Kill program if no output to STDOUT for x seconds?

A Bash script runs a program in the background and redirects stdout of that program to a file. How can I kill the program if it hasn’t written to stdout for the last x seconds?

prog > out.txt &
PID=$!
...
wait $PID

I imagine to pipe the output through some other program that checks for continuing output. unbuffer could be necessary to disables output buffering.

unbuffer prog | ... > out.txt &
Asked By: bivox

||

It could be something like:

#!/bin/bash

while read line -t 10
do
   echo $line
done

if [ $? -gt 128 ]
then
  echo "Timeout occurred"
  killall -SIGKILL procces
fi
Answered By: White Owl

You can use /usr/bin/inotifywait inside your script, without the -m option, so monitoring stops at the first write event, and with the -t 10 option so the process exits with code 2 if no write-modification event was registered within the last 10s:

#!/usr/bin/env bash

my_prog > out.txt &
my_prog_pid="$!"
my_watch_status=0

while [ "$my_watch_status" != "2" ]; do
    /usr/bin/inotifywait -qq -t 10 -e modify out.txt 2>/dev/null & 
    wait $!
    my_watch_status="$?"
done

kill -9 "$my_prog_pid"
exit <my exit_code>
  • Option -qq ("very quiet") and redirection of standard error to /dev/null are meant to suppress any inotifywait diagnostic information on standard error and event information on standard output.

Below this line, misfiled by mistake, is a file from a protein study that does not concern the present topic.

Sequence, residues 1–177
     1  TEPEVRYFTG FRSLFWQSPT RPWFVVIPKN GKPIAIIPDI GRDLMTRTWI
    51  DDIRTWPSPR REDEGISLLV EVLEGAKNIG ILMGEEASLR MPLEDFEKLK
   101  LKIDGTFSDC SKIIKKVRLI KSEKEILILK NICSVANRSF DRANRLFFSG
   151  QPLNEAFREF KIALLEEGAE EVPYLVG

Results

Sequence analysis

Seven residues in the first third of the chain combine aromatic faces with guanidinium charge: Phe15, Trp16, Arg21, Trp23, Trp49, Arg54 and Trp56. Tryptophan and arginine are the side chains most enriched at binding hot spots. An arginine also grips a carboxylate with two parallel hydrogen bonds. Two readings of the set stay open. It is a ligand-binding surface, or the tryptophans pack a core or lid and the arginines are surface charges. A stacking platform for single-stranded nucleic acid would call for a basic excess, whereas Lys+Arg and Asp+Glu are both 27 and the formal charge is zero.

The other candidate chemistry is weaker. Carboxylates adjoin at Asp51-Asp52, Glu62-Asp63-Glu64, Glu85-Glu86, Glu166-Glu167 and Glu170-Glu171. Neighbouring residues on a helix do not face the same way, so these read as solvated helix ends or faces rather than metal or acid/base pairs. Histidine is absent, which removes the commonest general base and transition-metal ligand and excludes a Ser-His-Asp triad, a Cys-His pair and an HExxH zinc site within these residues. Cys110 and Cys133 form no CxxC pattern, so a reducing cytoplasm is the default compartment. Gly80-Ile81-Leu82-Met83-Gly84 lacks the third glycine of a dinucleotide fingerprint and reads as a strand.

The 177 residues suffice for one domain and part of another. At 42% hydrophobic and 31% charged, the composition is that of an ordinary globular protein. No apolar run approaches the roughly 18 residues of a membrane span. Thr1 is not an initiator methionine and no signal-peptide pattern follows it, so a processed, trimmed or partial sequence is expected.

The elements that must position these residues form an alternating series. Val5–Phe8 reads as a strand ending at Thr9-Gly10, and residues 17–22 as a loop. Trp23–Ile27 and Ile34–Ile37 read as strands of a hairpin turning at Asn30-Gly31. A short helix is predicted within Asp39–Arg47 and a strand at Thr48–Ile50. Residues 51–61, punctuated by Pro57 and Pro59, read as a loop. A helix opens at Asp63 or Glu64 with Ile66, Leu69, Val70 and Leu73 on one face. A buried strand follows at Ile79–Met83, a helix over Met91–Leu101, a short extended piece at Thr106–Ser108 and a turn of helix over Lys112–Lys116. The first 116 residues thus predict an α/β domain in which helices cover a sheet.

• Every time out.txt is written to (within a 10s time window), a new 10s monitoring time window is started.
  • kill -9, aka SIGKILL, is used for not knowing better about possible requirements for you to exit my_prog in an orderly fashion. If a graceful exit is preferable, a simple kill "$my_prog_pid" can be used.
  • The script kills my_prog and exits, optionally with your choice of exit code, only when no write-modification of out.txt has occurred within the prescribed time window.
  • Note that, during execution, the time window is not a perfect 10s. The actual time-window will be a little more than 10s (think "ms" for one file) because it takes a little time to establish monitoring. This is unsubstantial in your case, because you monitor only one file, but it could become quite substantial if you were to monitor a large tree (think of a directory structure with thousands of files) in a recursive manner. If the 10s time window is application-critical, you might want to explore other methods than the one proposed here, to not have to reestablish monitoring every time-window span or, as a worst-case scenario, everytime a write event occurs within that time span.
Answered By: Cbhihe
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